Neuroscience is undergoing a revolution in the quality and quantity of available data. Our challenge is to turn this exquisite new data into a more complete understanding of how the brain works, and to translate that knowledge into meaningful change for patients with brain disorders.
I apply tools from mathematics and neuroscience to study how memories are stored across the brain, and how this process breaks down in people with memory problems (like some patients with psychiatric disorders or brain damage).
I develop mathematical models of how higher cognitive functions such as short and long-term memories emerge from the interactions between cells across the brain. I collaborate with anatomists, physiologists and psychiatrists in order make our models accurately reflect the cutting edge of neuroscience knowledge while staying relevant and useful for clinicians.
PhD in Neuroimaging, 2015
King's College London (Institute of Psychiatry)
MSc in Neuroscience, 2010
King's College London (Institute of Psychiatry)
BA (hons) in Mathematics, 2009
Trinity College Dublin
A growing body of evidence suggests that conscious perception of a sensory stimulus triggers an all-or-none activity across multiple cortical areas, a phenomenon called ‘ignition’. In contrast, the same stimulus, when undetected, induces only transient activity. In this work, we report a large-scale model of the macaque cortex based on recently quantified structural connectome data. We use this model to simulate a detection task, and demonstrate how a dynamical bifurcation mechanism produces ignition-like events in the model network. Within this framework, the model predicts that feedforward excitatory transmission is primarily mediated by the fast AMPA receptors to ensure rapid signal propagation from sensory to associative areas. In contrast, a large fraction of the inter-areal feedback projections and local recurrent excitation depend on the slow NMDA receptors, to ensure ignition of distributed frontoparietal activity. Our model predicts, counterintuitively, that fast-responding sensory areas contain a higher ratio of NMDA to AMPA receptors compared to association cortical areas that show slow, sustained activity. We validate this prediction using in-vitro receptor autoradiography data. Finally, we show how this model can account for various behavioral and physiological effects linked to consciousness. Together, these findings clarify the neurophysiological mechanisms of conscious access in the primate cortex and support the concept that gradients of receptor densities along the cortical hierarchy contribute to distributed cognitive functions.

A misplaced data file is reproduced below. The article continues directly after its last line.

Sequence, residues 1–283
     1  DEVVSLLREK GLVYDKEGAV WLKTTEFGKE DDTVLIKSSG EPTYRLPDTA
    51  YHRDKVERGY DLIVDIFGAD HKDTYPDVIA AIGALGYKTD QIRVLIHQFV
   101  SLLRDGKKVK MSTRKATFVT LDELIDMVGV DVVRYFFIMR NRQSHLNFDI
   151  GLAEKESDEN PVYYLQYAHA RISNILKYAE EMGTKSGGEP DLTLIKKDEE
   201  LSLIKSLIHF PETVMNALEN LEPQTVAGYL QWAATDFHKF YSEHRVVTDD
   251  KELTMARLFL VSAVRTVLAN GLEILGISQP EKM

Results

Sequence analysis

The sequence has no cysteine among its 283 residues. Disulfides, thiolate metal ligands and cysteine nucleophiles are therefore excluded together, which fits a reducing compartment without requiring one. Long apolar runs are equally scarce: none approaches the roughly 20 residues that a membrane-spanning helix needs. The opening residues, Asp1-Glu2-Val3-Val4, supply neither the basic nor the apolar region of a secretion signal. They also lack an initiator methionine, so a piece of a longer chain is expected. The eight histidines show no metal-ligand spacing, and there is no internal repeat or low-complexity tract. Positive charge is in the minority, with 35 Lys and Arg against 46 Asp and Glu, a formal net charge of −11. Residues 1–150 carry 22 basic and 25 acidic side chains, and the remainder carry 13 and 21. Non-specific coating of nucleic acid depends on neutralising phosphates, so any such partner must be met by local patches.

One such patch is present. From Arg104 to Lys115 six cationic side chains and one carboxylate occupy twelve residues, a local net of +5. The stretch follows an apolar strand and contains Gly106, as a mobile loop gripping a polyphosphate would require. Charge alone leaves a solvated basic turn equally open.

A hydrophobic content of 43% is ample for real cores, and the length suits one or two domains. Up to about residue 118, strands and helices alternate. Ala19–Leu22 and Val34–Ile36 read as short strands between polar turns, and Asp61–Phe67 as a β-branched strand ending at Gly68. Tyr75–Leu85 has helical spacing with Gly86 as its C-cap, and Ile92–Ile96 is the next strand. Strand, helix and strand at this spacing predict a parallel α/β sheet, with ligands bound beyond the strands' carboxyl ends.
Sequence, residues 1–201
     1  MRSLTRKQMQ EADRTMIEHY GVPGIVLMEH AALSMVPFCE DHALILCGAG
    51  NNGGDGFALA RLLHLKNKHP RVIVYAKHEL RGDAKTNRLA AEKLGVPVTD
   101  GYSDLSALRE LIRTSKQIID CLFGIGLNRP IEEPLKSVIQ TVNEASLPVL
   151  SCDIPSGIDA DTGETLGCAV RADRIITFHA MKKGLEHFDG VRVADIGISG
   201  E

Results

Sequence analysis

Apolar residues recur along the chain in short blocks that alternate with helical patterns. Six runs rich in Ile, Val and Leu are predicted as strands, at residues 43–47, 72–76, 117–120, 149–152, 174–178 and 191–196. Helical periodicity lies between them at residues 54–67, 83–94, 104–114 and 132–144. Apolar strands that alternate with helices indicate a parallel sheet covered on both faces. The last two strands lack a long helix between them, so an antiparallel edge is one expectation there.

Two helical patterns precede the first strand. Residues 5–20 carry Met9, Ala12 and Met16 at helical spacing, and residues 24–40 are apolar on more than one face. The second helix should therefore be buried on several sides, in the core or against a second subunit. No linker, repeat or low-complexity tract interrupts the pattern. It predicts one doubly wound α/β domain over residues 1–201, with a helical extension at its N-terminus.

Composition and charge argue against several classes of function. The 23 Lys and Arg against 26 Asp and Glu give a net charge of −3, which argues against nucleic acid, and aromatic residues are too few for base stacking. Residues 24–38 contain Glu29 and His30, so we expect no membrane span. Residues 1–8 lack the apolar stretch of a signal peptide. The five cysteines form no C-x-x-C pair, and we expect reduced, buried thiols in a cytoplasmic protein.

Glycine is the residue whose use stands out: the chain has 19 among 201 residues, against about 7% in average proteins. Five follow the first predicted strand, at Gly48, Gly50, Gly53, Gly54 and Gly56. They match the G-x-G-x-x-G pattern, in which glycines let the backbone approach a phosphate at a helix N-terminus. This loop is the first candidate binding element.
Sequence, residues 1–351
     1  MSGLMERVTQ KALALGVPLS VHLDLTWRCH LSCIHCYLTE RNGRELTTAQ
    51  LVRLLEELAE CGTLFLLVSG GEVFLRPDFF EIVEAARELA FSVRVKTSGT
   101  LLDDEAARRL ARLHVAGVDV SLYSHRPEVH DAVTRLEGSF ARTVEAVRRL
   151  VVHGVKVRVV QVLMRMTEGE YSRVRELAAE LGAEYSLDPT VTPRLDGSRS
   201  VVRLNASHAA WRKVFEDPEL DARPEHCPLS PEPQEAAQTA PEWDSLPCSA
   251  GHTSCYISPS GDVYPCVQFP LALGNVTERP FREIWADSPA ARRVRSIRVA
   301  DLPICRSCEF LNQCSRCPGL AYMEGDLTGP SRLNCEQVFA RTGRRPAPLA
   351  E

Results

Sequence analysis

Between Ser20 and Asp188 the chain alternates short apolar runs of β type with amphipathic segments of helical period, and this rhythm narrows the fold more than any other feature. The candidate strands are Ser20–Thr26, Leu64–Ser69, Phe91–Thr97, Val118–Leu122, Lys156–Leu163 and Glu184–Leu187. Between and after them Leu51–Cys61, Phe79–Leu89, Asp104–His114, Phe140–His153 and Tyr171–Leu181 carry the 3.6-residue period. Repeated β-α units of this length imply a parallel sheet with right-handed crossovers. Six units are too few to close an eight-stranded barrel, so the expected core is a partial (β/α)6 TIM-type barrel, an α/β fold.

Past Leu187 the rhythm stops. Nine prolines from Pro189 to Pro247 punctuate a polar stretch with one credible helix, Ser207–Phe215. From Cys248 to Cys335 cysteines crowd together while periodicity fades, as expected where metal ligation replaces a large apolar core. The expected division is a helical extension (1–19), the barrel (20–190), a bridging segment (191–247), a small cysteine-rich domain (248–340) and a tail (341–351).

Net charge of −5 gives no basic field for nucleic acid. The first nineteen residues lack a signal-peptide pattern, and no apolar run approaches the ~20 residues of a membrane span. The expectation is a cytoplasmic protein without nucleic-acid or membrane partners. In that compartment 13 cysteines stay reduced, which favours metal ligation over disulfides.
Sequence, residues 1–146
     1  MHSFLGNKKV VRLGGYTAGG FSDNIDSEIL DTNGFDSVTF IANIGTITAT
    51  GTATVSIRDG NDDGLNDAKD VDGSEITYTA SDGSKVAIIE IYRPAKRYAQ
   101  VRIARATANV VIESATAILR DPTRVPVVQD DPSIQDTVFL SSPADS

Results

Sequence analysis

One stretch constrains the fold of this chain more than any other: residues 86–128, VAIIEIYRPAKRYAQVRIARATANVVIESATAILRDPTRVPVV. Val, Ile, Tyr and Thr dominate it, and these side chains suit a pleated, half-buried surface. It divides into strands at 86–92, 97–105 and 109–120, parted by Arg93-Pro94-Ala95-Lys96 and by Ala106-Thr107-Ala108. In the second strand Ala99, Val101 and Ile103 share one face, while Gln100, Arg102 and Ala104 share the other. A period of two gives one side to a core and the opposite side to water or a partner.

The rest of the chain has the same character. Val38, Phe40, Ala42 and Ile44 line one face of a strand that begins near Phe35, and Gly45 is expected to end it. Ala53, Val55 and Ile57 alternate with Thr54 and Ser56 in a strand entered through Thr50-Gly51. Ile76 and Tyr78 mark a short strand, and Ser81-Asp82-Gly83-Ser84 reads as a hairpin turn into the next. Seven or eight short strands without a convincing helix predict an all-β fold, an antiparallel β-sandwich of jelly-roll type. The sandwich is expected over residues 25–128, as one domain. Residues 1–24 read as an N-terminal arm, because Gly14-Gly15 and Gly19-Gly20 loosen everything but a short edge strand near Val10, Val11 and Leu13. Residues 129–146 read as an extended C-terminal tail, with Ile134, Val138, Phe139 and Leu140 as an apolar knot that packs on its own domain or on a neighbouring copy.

Dopamine is required for working memory, but how it modulates the large-scale cortex is unknown. Here, we report that dopamine receptor density per neuron, measured by autoradiography, displays a macroscopic gradient along the macaque cortical hierarchy. This gradient is incorporated in a connectome-based large-scale cortex model endowed with multiple neuron types. The model captures an inverted U-shaped dependence of working memory on dopamine and spatial patterns of persistent activity observed in over 90 experimental studies. Moreover, we show that dopamine is crucial for filtering out irrelevant stimuli by enhancing inhibition from dendrite-targeting interneurons. Our model revealed that an activity-silent memory trace can be realized by facilitation of inter-areal connections and that adjusting cortical dopamine induces a switch from this internal memory state to distributed persistent activity. Our work represents a cross-level understanding from molecules and cell types to recurrent circuit dynamics underlying a core cognitive function distributed across the primate cortex.
Dynamics and functions of neural circuits depend on synaptic interactions mediated by receptors. Therefore, a comprehensive map of receptor organization is needed to understand how different functions may emerge across distinct cortical regions. Here we use in-vitro receptor autoradiography to measure the density of 14 neurotransmitter receptor types in 109 areas of macaque cortex. We integrate the receptor data with other anatomical, genetic and functional connectivity data into a common cortical space. We uncovered a principal gradient of increasing receptor expression per neuron aligned with cortical hierarchy from early sensory cortex to higher cognitive areas. A second gradient, primarily driven by 5-HT1A receptors, peaks in the anterior and subcallosal cingulate, suggesting that the macaque may be a promising animal model for major depressive disorder. The receptor gradients may enable rapid, reliable information processing in sensory cortical areas and slow, flexible integration of information in higher cognitive areas.